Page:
Bond Yields Soar, Driving Shares DownFirst, a little perspective. Yes, the rise in long-term interest rates in recent weeks has been fairly impressive. But as the following chart illustrates, this sell-off in the bond market is not much different (so far) from a number of previous short-lived surges in interest rates, and could just as easily be reversed over the coming months. In the grand scheme of things, long-term interest rates in the US are still substantially below where they were during the last economic expansion.
The cost of borrowing headed higher yesterday and drove the stock market down sharply.
Yields on the 10-year Treasury note — a key benchmark that influences nearly all long-term interest rates, including home mortgages — hit a five-year high, climbing to 5.248 percent yesterday, up from 5.154 percent late Monday as investors sold off notes and bonds.
Treasury yields, which have been rising steadily since the end of April and have started to weigh on the stock market, quashed an early afternoon stock rally. The Standard & Poor’s 500-stock index, a broad gauge of the market, closed down 1.07 percent, or 16.12 points, to 1,493 points; and the Dow Jones industrial average dropped 1 percent, or 129.95, to 13,295.01 points.
That said, there are a couple of interesting things to note about the current phenomenon. First of all, the recent rise in long-term rates - together with a bit of a fall recently in short-term rates - means that the yield curve has abruptly become "un-inverted". In other words, short-term interest rates are now no longer higher than long-term rates, in contrast to the situation for most of the past year. There are a number of different possible interpretations for this change, including the possibly contradictory beliefs that the Fed is soon going to have to start reducing interest rates to prop up economic growth, or that the economy is poised for a rebound that would increase the demand for loanable funds.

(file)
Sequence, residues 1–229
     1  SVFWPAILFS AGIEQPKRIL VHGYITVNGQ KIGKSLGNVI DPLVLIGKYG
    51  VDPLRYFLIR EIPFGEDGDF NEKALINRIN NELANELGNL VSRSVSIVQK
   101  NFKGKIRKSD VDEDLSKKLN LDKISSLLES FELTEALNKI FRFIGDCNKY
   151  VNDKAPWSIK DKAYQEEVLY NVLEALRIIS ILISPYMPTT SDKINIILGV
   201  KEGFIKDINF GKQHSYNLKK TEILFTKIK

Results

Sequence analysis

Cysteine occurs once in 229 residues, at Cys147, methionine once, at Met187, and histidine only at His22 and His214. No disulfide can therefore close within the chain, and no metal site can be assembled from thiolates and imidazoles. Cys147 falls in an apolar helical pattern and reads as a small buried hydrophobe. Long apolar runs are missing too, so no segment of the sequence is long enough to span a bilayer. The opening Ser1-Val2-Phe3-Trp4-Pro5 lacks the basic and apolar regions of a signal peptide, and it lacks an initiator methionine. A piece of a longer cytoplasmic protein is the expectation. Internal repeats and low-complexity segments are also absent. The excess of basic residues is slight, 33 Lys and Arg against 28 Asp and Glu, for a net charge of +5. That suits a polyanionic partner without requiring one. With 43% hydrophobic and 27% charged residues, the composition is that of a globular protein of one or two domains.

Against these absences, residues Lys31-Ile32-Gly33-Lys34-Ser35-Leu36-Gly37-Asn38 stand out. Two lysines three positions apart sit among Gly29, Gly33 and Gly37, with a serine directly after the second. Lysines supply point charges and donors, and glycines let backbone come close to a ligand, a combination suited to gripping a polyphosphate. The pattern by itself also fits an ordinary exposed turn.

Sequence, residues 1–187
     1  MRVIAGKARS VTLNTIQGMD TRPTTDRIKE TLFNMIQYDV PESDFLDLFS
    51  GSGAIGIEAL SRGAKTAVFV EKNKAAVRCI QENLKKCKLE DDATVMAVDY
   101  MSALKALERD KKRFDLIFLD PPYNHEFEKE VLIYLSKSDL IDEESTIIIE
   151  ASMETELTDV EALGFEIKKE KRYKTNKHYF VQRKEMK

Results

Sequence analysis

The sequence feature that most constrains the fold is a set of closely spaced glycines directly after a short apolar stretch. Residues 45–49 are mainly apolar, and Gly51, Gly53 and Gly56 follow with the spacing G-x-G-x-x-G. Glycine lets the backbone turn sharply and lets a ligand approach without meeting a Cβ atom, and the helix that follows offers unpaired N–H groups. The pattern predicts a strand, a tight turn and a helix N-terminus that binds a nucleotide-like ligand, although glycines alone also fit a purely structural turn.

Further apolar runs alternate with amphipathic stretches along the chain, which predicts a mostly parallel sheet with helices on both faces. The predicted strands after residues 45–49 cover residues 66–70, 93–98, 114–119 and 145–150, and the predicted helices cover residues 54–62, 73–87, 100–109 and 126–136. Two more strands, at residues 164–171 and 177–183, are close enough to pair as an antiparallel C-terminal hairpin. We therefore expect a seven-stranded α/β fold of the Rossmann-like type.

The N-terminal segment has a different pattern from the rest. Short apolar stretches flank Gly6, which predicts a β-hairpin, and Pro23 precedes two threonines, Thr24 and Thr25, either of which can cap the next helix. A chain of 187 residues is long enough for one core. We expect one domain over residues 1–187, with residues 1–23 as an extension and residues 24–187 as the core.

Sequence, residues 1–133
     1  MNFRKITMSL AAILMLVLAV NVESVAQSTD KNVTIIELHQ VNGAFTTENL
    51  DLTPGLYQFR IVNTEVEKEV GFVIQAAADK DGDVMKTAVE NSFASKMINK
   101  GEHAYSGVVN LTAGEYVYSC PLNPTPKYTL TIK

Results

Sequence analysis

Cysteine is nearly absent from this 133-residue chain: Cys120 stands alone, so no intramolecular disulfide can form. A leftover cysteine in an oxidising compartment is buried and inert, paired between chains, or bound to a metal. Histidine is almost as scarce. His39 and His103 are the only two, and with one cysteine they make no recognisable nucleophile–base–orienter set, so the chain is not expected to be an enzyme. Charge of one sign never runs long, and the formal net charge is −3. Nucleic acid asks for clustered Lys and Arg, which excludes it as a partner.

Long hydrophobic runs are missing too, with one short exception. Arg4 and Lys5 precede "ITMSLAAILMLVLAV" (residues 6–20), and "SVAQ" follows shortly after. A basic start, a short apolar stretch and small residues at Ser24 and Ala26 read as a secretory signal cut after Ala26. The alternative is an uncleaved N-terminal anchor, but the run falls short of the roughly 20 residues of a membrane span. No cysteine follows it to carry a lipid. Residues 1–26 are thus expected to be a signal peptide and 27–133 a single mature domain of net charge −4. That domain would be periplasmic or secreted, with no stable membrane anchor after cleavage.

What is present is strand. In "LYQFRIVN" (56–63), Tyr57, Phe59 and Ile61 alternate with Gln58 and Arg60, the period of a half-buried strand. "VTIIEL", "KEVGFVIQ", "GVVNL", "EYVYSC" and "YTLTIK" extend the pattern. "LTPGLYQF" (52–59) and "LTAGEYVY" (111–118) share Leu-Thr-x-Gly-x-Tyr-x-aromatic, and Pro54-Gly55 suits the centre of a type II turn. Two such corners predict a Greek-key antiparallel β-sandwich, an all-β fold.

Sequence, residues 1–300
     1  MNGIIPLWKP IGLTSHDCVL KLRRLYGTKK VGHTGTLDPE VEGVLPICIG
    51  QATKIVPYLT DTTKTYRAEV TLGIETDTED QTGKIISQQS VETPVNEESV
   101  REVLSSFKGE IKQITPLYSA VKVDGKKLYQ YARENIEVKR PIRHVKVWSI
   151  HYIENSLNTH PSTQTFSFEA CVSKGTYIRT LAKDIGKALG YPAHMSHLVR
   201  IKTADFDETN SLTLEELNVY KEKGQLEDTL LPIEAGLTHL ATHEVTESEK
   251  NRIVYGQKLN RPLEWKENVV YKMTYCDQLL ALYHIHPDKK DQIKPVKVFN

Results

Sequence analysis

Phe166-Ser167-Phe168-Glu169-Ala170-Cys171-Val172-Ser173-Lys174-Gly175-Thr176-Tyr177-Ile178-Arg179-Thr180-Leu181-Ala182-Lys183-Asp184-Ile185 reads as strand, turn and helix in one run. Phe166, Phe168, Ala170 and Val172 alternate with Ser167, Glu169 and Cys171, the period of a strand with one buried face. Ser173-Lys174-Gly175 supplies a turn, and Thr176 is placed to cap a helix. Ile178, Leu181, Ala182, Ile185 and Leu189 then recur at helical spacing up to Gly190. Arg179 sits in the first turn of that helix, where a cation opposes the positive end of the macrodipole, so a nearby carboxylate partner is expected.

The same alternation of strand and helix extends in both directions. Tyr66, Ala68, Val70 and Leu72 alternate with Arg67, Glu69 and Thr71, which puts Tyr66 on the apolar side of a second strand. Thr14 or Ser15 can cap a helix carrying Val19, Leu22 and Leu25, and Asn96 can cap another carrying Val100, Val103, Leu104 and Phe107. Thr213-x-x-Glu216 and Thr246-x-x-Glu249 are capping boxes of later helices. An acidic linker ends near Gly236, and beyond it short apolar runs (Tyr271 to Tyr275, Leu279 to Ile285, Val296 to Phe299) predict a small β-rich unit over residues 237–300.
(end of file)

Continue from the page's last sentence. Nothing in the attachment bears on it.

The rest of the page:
A second point of interest is that the current run-up in long-term interest rates is entirely due to a rise in real interest rates, rather than a rise in inflation expectations. Using the 10-year inflation-indexed bond to serve as an estimate of the real interest rate, we can estimate inflation expectations as the difference between that real interest rate and the nominal bond yield (a procedure that has a few minor problems with it due to liquidity issues in the TIPS market, etc., but one that still conveys the general idea). Doing that reveals that financial market participants still (on average) expect inflation over the next 10 years to be in the neighborhood of 2.3%-2.5% - right where those expectations have been for years. The real interest rate, on the other hand, has jumped by almost three-quarters of a percentage point in the past few weeks, as the following chart shows.
One big question on a lot of people's minds is how big the China factor may be. If this movement in US interest rates is indeed being driven largely by concerns about China's economy, then this could be an important moment in US financial history, i.e. the point in time when we really started seeing China's direct influence on US interest rates. Of course, given how difficult to gauge why financial market participants are doing the things that they're doing, we may never know for sure if that's the case.